The PR Verdict: “A” (Gold Star!) to Martha Stewart for putting a tough period behind her. It’s even given her street cred!

The PR Takeaway: Set the tone, and others will follow. While prison time might have theoretically ruined the image of the perfect homemaker, Martha Stewart has been able to successfully move on. Parting with the traditional PR strategy of public atonement, Martha instead describes her prison time as “a hole I fell into; luckily it wasn’t a very deep hole,” while adding that the experience didn’t teach her much. From the outset she has been unrepentant, and now her new followers are taking the same line of indifference. In the age of labored public apologies, this is one strategy that  is breaking the mold. And Martha’s expanded fan base seems to like it.

Click here for Martha’s FT interview and New York TImes feature.

What’s your opinion of Martha Stewart’s strategy? Give us your PR Verdict!

Judy Smith: PR’s Ms. Fix-It

JUDY SMITH  150x150 Judy Smith: PRs Ms. Fix It

The PR Verdict: “A” (PR Perfect) for Judy Smith.

Judy Smith, a well-known Washington PR has been credited with being able to salvage the messiest of PR messes. Smith has helped Larry Craig, the senator who inappropriately attempted to find love in a public restroom; actor Wesley Snipes, who had rather a time of it with the IRS; and Monica Lewinsky, who – well, you know. And now its emerged that Smith has just been appointed by Tampa socialite Jill Kelley to help with her ongoing Petraeus mess.

Smith previously worked in Washington under George W. Bush. Since setting up her private consultancy, Smith has artfully packaged crisis PR management in a book called Good Self, Bad Self. In it, she lists the seven character straits that can propel us to giddy heights or be the genesis of our undoing: ego, denial, fear, ambition, accommodation, patience, and indulgence.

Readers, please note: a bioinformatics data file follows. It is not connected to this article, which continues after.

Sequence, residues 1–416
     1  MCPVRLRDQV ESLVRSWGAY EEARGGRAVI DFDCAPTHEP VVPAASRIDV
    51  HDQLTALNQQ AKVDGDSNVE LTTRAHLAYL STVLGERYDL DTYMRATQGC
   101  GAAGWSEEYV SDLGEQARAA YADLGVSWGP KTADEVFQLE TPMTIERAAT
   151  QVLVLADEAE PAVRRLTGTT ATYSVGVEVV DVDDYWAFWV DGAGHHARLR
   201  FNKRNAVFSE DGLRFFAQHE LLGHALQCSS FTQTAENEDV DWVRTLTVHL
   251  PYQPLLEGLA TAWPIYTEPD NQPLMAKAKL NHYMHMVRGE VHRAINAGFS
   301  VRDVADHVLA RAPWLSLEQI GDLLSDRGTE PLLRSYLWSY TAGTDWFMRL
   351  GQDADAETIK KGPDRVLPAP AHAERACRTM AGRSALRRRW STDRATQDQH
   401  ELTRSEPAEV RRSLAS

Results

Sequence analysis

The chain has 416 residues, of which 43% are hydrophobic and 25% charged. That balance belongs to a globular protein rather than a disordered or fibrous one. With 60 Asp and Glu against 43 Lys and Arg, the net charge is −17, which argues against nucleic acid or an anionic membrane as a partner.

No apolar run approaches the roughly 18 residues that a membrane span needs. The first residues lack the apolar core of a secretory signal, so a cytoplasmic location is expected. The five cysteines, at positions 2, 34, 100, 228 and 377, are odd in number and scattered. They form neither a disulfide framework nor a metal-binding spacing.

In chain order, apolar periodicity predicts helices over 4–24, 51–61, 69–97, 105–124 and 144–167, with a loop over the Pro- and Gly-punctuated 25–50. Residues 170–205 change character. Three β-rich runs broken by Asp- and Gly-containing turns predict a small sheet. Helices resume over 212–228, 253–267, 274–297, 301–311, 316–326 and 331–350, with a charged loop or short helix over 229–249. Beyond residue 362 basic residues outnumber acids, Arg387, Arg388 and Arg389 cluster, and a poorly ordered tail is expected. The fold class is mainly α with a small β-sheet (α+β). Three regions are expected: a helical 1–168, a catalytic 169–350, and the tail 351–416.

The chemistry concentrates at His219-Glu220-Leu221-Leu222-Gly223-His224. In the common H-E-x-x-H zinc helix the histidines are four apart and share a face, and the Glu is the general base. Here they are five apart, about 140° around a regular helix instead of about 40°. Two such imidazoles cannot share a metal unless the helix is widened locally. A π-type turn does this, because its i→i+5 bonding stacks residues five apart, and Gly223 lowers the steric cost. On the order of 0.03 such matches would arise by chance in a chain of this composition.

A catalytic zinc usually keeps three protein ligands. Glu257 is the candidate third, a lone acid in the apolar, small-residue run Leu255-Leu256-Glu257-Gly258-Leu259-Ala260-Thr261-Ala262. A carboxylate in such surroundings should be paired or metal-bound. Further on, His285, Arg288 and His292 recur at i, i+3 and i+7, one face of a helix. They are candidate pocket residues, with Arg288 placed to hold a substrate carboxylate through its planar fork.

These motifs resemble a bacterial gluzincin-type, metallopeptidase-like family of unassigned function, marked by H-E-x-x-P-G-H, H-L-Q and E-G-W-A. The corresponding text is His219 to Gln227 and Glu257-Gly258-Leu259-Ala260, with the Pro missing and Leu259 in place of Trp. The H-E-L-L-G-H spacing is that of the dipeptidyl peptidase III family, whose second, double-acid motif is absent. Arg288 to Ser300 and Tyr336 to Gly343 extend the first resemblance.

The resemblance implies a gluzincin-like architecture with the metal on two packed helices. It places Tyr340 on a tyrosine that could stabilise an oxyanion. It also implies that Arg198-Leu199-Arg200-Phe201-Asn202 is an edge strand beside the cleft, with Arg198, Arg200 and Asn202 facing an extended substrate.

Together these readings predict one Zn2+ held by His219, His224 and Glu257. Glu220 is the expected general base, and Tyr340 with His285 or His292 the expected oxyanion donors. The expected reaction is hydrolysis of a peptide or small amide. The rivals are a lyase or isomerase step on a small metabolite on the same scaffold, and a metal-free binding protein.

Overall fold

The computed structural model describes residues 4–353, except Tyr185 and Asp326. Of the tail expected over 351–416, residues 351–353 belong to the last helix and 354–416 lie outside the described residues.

Smith argues that the character traits that can bring one success can also lead to a downfall. Problems ensue when they fall out of balance. Her PR answer? Recalibrating one or more of those seven vital characteristics and being personally responsible for the repair work. This PR approach is not just about polishing a tainted reputation; as The New York Times mentioned in a recent article about Smith, this is about creating and selling a narrative “for redemption.”

The PR Verdict: ”A” (PR Perfect) for Judy Smith. Not only has she packaged herself as the PR Ms. Fix-It, she has also wrapped a methodology around the cure.

The PR Takeaway: One-offs are fine, but methodology is better. It’s not often that a client’s personal gestalt is used in crisis communications. For a believable turnaround, each client needs to be able to communicate with authenticity in the media glare. Smith, through her methodology, might be able to give her distressed clients the key. Not easy to come by, but when accessed, this might lead to ultimate public redemption faster than any other track.

To read more about Judy Smith, click here.

When “No Comment” Says Too Much

 When No Comment Says Too Much

The PR Verdict: “C” (Distinctly OK) for Ina Drew and her PR.

What happens to your PR profile when you are held publicly responsible for a headline trading loss of over $6 billion? That must have been the question Ina Drew asked herself as she read her cover story profile in this weekend’s edition of The New York Times Magazine. The former Chief Investment Officer of JP Morgan Chase, who lost the eye-popping number on a sour trade called the “London Whale,” was amusingly headlined “Swallowed by the London Whale.”